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Before we sat down for the podcast, Jeremy showed us around his small estate, introduced us to his four legged friends and demonstrated his affinity to a sustainable lifestyle. After our tour, Shannon and I sat down with Brett and Jeremy and began going over the history of the The Hemp & Coffee exchange. Jeremy’s extensive culinary experience combined with Brett’s knowledge of the hemp industry allowed them to create a unique product that meant both of their ridiculously high standards. Jeremy explained how combining hemp with coffee can provide additional macro and micronutrients not normally found in coffee like omega 3 & 6 fatty acids and fiber. Brett informed us that not only is hemp nutritionally beneficial, but farming it in the United States, where it is currently illegal to mass produce, could help rejuvenate our dwindling agriculture industry. Shannon and I were sold on the nutritional and environmental aspects of the super coffee, but what about the taste?

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The first blend we tasted was a combination of hemp seeds and coffee. Our first immediate reaction was that it tasted very similar to tea. We were both drinking it black and were surprised by how subtle the flavor was. Shannon normally can’t handle black coffee, but she had no problem with this blend. We then tasted the combination of the hemp hearts and coffee. Right away I could tell that I preferred this one. The hemp hearts provided a creamy and nutty flavor similar to that of my non-dairy bulletproof coffee. Interesting enough, Jeremy and Brett stated that their hemp coffee provided the same nutritional benefits, if not more than that of bulletproof coffee. Take that Dave Asprey!

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Jeremy and Brett from the THCexhange

I hope I’ve conveyed the fact that this episode is much more than just a taste test or interview podcast. You really have to listen to the episode to get the full scope of the discussion. Our conversation with Jeremy and Brett was not only educational, it was inspirational. Meeting and speaking with like minded people that are focused on sustainability, whether it be environmentally or nutritionally, is one of the main objectives of the Addicted to Fitness podcast. Do yourself a favor and order a bag of super coffee on the Hemp & Coffee Exchange website, and connect with Jeremy and Brett on their various social channels (Facebook, Instagram and Twitter).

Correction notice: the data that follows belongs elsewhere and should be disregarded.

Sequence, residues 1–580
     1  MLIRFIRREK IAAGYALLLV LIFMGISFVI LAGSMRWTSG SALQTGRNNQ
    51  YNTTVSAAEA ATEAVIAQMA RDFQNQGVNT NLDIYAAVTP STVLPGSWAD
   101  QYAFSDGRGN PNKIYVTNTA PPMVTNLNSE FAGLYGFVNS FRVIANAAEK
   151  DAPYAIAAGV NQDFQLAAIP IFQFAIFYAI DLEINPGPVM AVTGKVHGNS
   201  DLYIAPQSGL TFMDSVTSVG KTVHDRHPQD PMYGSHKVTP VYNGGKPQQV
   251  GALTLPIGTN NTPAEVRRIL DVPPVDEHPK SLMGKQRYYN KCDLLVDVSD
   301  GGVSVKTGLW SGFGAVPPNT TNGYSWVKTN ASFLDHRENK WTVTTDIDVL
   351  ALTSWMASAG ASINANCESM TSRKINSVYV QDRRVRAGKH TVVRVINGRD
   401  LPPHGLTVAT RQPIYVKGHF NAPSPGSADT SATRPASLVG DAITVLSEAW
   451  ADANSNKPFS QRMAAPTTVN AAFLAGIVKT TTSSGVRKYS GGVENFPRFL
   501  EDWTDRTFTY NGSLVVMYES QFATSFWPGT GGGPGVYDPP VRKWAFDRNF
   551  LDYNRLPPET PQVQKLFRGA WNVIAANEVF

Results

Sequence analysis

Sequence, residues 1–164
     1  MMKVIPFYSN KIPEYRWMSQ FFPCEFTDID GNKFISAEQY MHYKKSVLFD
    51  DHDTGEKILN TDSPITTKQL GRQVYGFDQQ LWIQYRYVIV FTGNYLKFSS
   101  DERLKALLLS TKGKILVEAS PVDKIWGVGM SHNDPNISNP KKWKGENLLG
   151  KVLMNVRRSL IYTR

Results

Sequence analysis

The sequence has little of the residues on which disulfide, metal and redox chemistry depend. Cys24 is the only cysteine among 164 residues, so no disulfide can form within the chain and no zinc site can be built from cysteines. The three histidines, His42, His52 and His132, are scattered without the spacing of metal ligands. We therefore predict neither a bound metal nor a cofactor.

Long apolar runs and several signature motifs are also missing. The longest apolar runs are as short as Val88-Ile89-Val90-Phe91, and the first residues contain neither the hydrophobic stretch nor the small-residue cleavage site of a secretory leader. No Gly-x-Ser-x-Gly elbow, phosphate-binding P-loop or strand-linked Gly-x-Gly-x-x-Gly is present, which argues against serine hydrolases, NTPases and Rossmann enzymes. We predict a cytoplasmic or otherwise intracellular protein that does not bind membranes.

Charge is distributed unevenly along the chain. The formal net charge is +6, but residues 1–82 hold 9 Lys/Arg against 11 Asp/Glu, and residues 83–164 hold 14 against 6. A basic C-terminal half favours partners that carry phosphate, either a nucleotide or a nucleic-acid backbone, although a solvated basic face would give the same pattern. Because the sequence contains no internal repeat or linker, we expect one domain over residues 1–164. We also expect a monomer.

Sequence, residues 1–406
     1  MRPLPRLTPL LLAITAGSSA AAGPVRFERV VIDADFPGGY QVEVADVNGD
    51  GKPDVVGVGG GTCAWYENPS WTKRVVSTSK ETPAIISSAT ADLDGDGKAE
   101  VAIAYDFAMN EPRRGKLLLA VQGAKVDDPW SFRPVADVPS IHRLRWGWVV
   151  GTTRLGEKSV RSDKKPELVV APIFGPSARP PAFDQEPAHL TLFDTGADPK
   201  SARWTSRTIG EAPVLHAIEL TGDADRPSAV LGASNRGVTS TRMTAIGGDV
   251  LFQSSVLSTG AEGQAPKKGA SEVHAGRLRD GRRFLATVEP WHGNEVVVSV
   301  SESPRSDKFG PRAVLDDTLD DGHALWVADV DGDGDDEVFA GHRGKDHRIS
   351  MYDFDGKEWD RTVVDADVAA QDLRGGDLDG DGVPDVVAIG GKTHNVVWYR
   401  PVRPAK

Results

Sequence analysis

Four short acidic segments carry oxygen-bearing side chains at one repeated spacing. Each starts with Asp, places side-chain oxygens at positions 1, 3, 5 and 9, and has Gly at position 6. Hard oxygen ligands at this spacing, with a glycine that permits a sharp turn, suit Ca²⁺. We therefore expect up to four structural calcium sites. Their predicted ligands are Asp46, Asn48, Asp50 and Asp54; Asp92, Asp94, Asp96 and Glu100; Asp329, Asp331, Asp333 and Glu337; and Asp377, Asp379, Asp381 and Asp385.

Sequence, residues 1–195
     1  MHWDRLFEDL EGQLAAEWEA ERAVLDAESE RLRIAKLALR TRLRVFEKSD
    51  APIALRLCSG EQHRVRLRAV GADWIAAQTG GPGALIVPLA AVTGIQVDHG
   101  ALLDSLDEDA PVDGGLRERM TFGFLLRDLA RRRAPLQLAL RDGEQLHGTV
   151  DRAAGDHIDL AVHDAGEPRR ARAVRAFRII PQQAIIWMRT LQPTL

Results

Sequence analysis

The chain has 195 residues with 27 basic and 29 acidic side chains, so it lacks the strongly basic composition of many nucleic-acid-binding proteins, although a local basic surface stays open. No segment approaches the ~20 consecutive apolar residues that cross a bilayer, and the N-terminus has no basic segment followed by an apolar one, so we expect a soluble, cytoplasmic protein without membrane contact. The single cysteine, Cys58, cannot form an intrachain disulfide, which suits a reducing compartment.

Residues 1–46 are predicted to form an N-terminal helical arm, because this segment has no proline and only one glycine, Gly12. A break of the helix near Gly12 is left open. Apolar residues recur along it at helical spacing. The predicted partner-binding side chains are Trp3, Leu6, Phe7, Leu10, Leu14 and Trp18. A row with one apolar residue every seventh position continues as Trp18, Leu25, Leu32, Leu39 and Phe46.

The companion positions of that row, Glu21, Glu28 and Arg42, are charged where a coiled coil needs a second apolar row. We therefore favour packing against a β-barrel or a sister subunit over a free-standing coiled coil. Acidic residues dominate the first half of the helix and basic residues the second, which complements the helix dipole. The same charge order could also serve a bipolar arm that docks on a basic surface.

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We really hope you enjoy episodes like this. If you do, please let us know. You can send us feedback at elementaltampa@gmail.com or leave us a rating and review in iTunes. We hope you enjoy the podcast as much as we enjoy producing it. Thanks again for your support and stay healthy this week peeps!

Links to this week’s episode

iTunes: https://itunes.apple.com/us/podcast/conversation-creators-hemp-coffee-exchange/id1121420986?i=1000381428238&mt=2

Android: http://subscribeonandroid.com/addictedtofitness.libsyn.com/rss

Website: http://addictedtofitness.libsyn.com/a-conversation-with-the-creators-of-the-hemp-coffee-exchange

 

What’s on the Menu – Following KISS

I’ve discovered that following KISS has brought a certain level of ease to my life. Just to clarify I’m not talking about the rock band Kiss. I’m referring to the acronym KISS, which stands for “Keep It Simple Stupid.” I try to apply KISS to all aspects of my life, but one aspect in which I use it the most is my nutrition. I’ve tried my best to convey my predisposition to consuming food & drink that consists of the fewest whole ingredients possible. Which is why it should be no surprise that my preferred protein powder consists of only one ingredient.